Colourful rows of houses in the Punda district, trading arcade, historic buildings in the Dutch Caribbean colonial style along the waterfront, a UNESCO World Heritage Site, Willemstad, Curacao, Lesser Antilles, former Netherlands Antilles, Caribbean
Helmut Corneli / age fotostock
Willemstad’s first colonial settlement started as a hub for Dutch slave traders. Now a World Heritage site, this modern city center has a distinct Euro-Caribbean atmosphere, its preserved colonial buildings housing fashion boutiques, art galleries, and sidewalk cafés. Wander down Punda’s narrow cobblestoned alleys, then snap a signature photo at the Queen Wilhelmina Park’s giant Curaçao and Dushi signs. The neighborhood gets extra lively during the free Punda Vibes event every Thursday from 6 p.m. to 10 p.m., featuring an outdoor market, live music, and local folkloric dancing.
Curaçao’s capital is famous for the neon colonial buildings lining its waterfront. Dutch settlers originally painted the houses with bright colors to minimize the glare from the island’s harsh sun, but today their main purpose is to pose for your Instagram photos. For more interesting architecture, take a walking tour throughWillemstad’s historic district, starting with its oldest defensive structure, Fort Amsterdam. The 17th century fort now houses the Governor’s Palace and Fort Church, a Dutch Protestant church with a single cannon ball lodged in its façade from an 1804 dispute with the English.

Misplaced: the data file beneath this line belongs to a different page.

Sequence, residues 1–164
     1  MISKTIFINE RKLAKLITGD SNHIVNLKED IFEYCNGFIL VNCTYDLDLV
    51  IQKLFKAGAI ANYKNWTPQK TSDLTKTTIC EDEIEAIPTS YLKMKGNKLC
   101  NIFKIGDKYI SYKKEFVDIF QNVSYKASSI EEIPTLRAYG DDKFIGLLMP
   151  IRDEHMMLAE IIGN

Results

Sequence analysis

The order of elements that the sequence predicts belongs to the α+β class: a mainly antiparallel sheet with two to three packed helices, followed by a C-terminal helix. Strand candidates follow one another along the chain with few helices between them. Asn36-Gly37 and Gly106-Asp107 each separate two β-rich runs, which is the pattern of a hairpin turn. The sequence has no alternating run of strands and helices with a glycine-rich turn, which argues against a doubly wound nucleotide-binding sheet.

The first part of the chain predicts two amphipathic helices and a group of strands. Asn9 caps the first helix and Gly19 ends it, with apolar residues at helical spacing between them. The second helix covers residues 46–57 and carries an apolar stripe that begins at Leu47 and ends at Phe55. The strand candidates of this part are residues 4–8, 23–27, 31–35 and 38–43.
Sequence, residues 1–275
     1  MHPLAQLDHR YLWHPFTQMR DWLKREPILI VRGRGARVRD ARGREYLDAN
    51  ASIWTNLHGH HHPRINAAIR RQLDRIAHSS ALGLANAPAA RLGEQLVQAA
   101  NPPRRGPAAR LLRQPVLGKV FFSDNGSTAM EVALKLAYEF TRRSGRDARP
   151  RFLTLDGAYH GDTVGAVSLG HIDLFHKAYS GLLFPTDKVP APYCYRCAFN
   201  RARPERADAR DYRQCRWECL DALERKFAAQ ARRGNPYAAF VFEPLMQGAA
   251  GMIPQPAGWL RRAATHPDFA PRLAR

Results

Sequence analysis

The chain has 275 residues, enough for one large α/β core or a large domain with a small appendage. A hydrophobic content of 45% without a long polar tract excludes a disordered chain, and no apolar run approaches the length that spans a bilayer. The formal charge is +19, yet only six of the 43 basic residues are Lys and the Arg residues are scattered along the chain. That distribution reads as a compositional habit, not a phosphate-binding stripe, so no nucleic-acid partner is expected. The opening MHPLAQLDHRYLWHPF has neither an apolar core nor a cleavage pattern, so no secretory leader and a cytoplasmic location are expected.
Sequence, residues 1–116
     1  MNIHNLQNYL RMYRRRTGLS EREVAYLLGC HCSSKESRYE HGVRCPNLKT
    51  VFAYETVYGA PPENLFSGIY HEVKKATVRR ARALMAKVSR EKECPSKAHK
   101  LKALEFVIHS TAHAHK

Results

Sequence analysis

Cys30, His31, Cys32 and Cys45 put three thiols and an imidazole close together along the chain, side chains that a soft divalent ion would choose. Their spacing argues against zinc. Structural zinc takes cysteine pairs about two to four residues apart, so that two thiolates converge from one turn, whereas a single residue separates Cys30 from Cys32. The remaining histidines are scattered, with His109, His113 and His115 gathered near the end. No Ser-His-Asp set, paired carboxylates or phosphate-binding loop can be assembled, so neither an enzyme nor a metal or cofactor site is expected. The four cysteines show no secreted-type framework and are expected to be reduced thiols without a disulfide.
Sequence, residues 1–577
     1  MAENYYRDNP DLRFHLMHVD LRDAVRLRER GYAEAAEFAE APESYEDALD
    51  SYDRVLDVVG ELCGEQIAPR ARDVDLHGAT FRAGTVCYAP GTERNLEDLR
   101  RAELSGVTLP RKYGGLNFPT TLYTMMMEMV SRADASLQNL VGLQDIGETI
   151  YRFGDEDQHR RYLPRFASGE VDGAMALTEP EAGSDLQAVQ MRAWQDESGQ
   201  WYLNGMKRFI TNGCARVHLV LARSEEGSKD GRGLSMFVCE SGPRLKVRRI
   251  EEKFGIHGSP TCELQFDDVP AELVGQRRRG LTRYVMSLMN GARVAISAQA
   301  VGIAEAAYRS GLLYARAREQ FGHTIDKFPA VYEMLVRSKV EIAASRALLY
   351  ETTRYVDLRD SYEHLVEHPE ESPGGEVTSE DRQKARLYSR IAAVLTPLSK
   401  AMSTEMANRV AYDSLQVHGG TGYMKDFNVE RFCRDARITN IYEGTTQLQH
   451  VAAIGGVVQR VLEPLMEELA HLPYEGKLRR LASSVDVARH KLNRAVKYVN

Punda Shopping District
Once a warehouse district for Dutch traders, the pedestrians-only Punda, a tangle of streets and alleys, still buzzes with commercial activity. The shops here sell a little bit of everything: embroidered linen tablecloths and Irish crystal, Caribbean-made rum and curaçao liqueurs, Gouda and Edam cheeses and fashion accessories and leather goods.